By Michael Dorausch, D.C.
Where is medical science today on wiping out all forms of the flu? The news is volcanic this week with Swine Flu pandemic outbreak stories, not just in the United States, but worldwide. Wearing surgical masks, using hand sanitizer, and frequent washing of hands in hot soapy water, is an activity that has increased amongst many in the affected populations this past week. News reports of antiviral agents, scientific flu medications, and the creation of new flu vaccines that will stop the swine flu strain, have been prevalent in the discussion. This isn’t the first time flu vaccine science has made the news, and it certainly won’t be the last.
I came across this newspaper clipping from 1941. It was tucked inside a chiropractic textbook I acquired several years ago. A few of the terms in the article were highlighted using a pencil, that’s the way I found it. With all the flu vaccine mentions in the news, I thought it appropriate to make this historical piece of information available online. The image below is a scan of the newspaper clipping, and the content that follows is what appeared in the news on July 29, 1941.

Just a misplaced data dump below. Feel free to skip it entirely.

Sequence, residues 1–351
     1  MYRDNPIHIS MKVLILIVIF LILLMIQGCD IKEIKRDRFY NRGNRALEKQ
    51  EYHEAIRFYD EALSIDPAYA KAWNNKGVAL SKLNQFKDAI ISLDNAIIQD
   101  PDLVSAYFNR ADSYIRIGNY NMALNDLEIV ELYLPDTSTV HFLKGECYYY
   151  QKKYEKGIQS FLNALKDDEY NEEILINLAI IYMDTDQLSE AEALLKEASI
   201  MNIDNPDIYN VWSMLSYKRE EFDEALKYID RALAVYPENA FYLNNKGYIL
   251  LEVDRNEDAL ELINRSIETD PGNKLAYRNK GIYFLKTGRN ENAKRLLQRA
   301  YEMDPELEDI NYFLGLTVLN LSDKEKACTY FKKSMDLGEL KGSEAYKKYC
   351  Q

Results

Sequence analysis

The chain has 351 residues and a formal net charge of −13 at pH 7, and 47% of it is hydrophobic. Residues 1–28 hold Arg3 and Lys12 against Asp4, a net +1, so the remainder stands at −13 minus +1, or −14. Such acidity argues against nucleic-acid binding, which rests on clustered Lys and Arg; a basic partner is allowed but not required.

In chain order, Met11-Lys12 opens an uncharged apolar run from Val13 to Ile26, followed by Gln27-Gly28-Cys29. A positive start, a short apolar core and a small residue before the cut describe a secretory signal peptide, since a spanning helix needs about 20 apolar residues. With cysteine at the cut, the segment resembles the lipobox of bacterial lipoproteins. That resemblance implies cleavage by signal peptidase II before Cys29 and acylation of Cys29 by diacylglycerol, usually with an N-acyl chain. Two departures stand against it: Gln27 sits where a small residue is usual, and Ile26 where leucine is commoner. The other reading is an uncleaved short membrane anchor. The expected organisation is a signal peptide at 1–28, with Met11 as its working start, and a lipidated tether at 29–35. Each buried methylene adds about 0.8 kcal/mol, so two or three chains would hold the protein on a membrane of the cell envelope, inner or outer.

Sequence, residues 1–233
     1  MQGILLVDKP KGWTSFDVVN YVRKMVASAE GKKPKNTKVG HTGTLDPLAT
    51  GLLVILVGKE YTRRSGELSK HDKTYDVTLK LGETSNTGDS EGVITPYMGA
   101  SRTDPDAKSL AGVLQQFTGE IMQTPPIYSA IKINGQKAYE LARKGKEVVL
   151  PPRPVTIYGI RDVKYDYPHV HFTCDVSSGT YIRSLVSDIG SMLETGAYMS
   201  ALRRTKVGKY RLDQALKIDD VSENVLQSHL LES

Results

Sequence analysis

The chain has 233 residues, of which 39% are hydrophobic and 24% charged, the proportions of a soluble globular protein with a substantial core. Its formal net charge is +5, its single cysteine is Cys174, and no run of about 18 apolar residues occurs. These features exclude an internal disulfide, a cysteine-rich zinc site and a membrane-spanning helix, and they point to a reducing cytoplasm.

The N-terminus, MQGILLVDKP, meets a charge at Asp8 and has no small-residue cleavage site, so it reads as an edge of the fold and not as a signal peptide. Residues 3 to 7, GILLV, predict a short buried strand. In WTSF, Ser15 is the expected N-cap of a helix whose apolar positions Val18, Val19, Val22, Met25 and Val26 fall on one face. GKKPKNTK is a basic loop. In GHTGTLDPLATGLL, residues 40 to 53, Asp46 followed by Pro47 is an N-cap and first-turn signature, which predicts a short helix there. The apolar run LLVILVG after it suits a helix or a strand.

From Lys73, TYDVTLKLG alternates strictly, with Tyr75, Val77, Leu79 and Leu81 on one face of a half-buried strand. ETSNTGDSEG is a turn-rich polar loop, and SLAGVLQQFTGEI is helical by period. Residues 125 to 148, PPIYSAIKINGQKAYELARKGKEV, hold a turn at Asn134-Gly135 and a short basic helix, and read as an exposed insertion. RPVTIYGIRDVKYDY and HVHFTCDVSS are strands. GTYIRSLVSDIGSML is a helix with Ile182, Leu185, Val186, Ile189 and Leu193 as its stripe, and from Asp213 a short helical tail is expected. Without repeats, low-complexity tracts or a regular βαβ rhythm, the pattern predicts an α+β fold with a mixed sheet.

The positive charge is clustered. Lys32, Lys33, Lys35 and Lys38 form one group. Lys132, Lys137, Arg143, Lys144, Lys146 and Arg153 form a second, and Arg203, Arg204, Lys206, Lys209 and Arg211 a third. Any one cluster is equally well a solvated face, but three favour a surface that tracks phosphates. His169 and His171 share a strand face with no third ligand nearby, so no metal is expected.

Experiment in U.S. Navy Tests New Influenza Vaccine
SAN DIEGO, Calif., July 29 — A new anti-influenza vaccine — described as perhaps the most promising that has come to the attention of medical scientists — is being tested on several thousand US sailors in a mass experiment under Navy supervision.
Through this vaccine, doctors hope to wipe out the deadly disease which, in recurring epidemics, has proven to be a more ruthless killer than war itself. In 1918, influenza swept the world and killed an estimated 30,000,000 persons.
Bluejackets inoculated in the mass test are stationed at San Diego and in the San Francisco Bay area.
“We won’t know finally what may be expected from the vaccine until an actual epidemic comes along,” said Commander Albert Paul Krueger, bacteriologist directing the experiment.
“This is the first mass vaccine test of its kind,” said Dr. Krueger. “Our investigations were made possible through discovery in 1923 that influenza was a virus disease, and isolation of the virus.
“To show the great importance of stamping out this disease, it is well to recall that in the World war there were 550,000 men in the Navy. One out of every four caught influenza. Some ships actually were disabled by illness. Army figures on the same epidemic were colossal.”
Dr. Krueger said vaccine was derived from a relatively simple process. Influenza serum is introduced into chick embryo. Resulting fluid is inactivated with a solution of formaldehyde and the final solution is used for the inoculation.
planetc1.com-news @ 9:22 am | Article ID: 1240935764